There is a level of dependency that exists between political power and economic power. Under any political rule, economic strategies are important if a leader wishes to either maintain power, maintain good standing with the citizenry or leave a good legacy. However, this interdependence between economic power and political power, or rather, the dependence of the latter on the former is heightened in authoritarian ruled states. Economic strategies economic power plays an integral role in the maintenance and continuity of political power.

In The Bottom Billion, Paul Collier points to several “traps” bottom billion countries get caught in. The natural resource trap and the bad governance trap aid in shedding some light on the various ways authoritarian governments and their leaders use economic power to maintain their political power. Reading Collier’s discussions bring to the fore two key questions for me:

  1. What threats exist for authoritarian governments and their leaders within their countries?
  2. What measures can they employ to mitigate or eradicate these threats?

Of course one ought not ignore that some leaders are merely corrupt or greedy and their exploitation of economic power has nothing to do with maintaining political power and everything to do with filling their pockets simply because of accessibility.

However, the threat of a coup d’etat or revolution is generally a major concern for authoritarian governments. As such, military spending remains high to keep the military at bay, which in turn can serve the purpose of keeping the citizenry at bay and avoiding revolutionary action. Authoritarian leaders are also faced with the issue of maintaining a great relationship with the elite in their countries. In this regard, bribes, cronyism, the awarding of controversial contracts and quite often serve as useful tools. The third threat is of course the fear of loss of power or control or rather the uncertainty of the length of rule. In this case, authoritarian leaders pocket as much as they can, while they still can.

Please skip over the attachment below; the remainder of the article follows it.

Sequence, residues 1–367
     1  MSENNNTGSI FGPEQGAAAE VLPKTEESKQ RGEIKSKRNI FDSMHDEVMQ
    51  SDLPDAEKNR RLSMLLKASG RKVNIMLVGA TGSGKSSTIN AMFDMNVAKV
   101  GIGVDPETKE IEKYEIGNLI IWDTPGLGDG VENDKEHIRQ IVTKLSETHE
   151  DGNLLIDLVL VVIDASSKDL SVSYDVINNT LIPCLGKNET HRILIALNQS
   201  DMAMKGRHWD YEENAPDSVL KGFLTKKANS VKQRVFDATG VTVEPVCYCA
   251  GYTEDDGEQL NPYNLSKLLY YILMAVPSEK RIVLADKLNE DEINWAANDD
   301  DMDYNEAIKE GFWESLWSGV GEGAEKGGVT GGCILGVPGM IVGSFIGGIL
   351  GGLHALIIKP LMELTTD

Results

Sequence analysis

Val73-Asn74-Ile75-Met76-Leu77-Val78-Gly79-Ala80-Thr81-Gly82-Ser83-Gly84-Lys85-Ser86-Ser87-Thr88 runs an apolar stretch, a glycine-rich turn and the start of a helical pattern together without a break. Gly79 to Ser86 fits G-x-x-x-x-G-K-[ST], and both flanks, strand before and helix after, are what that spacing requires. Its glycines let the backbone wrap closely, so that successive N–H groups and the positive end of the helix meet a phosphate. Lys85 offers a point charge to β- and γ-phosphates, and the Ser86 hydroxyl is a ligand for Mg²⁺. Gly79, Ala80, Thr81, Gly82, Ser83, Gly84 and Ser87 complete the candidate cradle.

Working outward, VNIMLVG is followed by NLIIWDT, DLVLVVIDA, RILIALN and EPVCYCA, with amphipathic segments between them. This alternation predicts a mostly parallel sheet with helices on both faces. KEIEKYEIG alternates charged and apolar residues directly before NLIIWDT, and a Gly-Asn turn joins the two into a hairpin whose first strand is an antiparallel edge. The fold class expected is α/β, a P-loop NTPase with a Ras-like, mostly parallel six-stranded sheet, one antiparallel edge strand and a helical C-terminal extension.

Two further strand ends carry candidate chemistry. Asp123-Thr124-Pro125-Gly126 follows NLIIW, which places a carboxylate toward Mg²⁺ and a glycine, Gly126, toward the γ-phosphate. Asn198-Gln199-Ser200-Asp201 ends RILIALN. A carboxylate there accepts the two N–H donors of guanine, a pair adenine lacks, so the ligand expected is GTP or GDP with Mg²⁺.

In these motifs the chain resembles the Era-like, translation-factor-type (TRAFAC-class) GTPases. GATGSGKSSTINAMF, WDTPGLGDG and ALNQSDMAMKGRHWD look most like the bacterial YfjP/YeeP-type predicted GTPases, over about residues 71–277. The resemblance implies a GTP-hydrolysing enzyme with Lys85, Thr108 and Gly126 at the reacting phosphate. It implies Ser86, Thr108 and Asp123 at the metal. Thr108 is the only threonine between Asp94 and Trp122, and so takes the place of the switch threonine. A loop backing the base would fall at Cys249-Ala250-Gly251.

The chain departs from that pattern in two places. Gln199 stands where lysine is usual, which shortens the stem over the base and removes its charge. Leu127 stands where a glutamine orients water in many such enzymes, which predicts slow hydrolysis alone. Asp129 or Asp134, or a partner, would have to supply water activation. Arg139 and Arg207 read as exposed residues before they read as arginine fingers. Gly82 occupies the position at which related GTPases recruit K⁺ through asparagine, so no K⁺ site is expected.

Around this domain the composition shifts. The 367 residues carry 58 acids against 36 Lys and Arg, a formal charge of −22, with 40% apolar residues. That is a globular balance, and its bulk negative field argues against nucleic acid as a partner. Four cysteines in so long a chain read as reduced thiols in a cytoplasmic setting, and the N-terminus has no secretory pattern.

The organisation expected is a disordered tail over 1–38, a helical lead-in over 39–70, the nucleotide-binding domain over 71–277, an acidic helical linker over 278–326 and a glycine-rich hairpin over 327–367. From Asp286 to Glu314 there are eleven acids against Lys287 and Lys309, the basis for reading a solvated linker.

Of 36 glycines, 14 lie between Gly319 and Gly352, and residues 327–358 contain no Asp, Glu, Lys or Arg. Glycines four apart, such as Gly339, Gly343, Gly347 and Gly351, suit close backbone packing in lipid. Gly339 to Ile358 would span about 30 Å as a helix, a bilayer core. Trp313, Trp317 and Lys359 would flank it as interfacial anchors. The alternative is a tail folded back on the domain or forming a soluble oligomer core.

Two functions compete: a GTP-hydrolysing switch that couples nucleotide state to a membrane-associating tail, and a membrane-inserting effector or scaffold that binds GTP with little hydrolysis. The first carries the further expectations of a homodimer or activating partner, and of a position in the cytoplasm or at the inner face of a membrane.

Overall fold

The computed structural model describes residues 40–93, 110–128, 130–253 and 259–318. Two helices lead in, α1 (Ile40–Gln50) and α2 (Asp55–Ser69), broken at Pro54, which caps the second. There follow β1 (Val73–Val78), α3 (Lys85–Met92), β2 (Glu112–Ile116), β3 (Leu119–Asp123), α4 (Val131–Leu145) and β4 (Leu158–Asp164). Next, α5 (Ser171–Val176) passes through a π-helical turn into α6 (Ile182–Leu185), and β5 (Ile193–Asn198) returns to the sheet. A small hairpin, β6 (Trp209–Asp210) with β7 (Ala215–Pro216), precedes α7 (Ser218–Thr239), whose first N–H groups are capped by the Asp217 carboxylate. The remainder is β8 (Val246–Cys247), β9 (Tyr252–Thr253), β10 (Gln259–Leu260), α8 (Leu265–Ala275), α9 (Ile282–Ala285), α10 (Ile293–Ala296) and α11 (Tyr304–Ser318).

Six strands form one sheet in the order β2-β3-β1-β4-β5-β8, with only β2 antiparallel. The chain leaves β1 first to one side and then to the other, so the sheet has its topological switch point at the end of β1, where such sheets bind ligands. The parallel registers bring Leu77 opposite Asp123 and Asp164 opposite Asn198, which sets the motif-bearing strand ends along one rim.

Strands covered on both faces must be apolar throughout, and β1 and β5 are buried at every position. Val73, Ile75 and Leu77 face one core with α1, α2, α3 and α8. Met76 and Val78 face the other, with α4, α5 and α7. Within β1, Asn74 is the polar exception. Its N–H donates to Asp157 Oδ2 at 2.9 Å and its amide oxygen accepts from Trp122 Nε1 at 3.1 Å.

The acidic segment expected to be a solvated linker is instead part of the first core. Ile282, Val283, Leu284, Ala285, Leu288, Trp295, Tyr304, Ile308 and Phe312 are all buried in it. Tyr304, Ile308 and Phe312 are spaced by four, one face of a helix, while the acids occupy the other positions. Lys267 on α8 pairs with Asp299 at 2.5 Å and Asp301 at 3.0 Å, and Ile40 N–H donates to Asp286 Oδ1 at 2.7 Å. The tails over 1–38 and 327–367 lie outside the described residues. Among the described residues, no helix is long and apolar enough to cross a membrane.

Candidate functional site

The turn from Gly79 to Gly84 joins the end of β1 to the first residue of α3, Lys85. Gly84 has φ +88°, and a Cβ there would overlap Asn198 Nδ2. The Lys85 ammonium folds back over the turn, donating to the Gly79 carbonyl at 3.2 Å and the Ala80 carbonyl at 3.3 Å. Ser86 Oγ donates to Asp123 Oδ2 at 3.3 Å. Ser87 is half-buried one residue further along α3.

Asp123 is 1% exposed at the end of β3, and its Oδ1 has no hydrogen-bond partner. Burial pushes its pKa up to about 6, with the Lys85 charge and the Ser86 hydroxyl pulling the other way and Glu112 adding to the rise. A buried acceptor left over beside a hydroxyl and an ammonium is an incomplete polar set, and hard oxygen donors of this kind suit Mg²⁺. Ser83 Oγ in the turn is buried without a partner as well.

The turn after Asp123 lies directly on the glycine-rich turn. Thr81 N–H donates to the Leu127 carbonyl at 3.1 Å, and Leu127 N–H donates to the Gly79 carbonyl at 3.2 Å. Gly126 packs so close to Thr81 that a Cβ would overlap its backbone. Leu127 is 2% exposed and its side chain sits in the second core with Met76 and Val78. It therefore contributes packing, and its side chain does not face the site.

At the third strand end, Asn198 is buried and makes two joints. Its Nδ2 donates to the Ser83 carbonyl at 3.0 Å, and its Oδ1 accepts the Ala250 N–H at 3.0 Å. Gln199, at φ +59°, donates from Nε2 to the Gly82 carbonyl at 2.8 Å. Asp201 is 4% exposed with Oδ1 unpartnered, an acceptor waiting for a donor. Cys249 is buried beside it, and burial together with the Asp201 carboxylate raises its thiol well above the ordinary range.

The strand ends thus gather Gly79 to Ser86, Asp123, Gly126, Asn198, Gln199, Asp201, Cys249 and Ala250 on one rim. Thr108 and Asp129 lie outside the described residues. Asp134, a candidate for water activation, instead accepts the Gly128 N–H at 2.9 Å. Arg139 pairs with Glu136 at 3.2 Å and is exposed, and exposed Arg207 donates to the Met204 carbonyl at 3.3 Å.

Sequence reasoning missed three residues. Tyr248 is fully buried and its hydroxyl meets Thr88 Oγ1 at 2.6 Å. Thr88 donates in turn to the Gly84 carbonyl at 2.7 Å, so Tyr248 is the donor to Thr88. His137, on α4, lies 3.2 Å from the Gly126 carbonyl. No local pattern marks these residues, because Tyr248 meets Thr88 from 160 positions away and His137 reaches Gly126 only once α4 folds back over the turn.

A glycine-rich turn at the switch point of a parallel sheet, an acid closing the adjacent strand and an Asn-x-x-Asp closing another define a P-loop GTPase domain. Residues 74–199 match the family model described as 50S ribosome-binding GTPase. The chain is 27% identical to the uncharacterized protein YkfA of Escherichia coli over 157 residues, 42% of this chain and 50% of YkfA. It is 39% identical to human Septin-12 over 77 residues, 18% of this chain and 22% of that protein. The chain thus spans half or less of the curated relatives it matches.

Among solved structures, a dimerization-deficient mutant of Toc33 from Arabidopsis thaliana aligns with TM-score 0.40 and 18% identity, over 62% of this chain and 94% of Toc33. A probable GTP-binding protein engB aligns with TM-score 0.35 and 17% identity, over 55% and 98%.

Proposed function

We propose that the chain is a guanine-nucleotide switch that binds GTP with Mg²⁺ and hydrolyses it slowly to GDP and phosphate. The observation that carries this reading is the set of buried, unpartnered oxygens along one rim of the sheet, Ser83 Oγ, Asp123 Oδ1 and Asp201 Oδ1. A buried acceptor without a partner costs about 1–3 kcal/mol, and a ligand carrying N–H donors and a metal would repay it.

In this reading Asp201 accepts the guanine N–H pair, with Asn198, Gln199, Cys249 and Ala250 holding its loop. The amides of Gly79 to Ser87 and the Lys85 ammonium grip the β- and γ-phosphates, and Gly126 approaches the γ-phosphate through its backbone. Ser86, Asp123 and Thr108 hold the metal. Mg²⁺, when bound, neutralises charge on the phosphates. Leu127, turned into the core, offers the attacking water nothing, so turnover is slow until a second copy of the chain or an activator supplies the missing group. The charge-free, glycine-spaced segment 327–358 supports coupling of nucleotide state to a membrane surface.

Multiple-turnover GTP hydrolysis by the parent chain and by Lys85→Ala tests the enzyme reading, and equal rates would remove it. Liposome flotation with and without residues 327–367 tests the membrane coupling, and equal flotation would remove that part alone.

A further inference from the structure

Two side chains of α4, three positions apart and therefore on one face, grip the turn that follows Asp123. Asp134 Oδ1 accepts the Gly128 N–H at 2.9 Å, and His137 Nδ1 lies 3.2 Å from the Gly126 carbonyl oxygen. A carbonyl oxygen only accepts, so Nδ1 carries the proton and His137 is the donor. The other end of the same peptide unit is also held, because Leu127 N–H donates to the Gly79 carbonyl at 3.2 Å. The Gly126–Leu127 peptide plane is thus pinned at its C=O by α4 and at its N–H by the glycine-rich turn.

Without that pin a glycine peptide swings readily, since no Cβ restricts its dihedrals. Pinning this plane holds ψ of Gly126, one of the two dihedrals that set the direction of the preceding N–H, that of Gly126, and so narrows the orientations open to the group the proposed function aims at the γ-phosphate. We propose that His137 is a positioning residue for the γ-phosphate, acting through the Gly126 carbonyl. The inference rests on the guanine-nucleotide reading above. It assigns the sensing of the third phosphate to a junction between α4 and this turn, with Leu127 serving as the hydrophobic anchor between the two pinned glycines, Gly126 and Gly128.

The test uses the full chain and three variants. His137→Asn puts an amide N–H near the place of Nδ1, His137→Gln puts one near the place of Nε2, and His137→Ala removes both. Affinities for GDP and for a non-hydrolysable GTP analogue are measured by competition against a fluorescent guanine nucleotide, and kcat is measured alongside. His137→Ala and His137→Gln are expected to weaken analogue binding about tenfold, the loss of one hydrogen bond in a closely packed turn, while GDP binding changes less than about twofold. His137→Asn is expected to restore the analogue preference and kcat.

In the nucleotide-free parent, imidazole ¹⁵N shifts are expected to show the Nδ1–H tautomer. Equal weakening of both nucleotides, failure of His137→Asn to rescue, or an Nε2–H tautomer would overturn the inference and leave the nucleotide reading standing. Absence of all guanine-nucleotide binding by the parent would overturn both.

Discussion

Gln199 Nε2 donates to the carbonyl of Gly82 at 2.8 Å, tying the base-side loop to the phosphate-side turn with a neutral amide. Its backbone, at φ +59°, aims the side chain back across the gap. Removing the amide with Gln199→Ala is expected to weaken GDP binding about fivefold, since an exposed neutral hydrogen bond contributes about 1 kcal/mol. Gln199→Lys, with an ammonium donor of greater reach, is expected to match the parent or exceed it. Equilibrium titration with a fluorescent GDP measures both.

In looking at examples, Lewis (1996), highlights how Nigerian leader General Ibrahim Babangida, used actions such as paying off elites, publicly denouncing the SAP to maintain good standing with the Nigerian people (albeit reforms were implemented), side payments inter alia to maintain and prolong his authoritarian rule and further his agenda. Conversely, Michael Ross clearly illustrated the “natural resource trap” and its  effects on Libya. Ross posits that high oil revenues results in a decline on dependency on taxes. This can prove quite beneficial for authoritarian leaders as lower taxes can equate to a more compliant and pleased citizenry.

Collier, Lewis and Ross help illustrate how authoritarian leaders have used economic power for their own political advancement and they have all discussed the adverse effects this had on economies, leadership and the citizenry in the long run. Authoritarian leaders throughout the global south have used economic power to gain, maintain and prolong their political power. This has been done through economic control, payoffs inter alia and there is no question that this works. However, it is worth noting is that using economic power in this way is not absolute  and exploring the reasons why.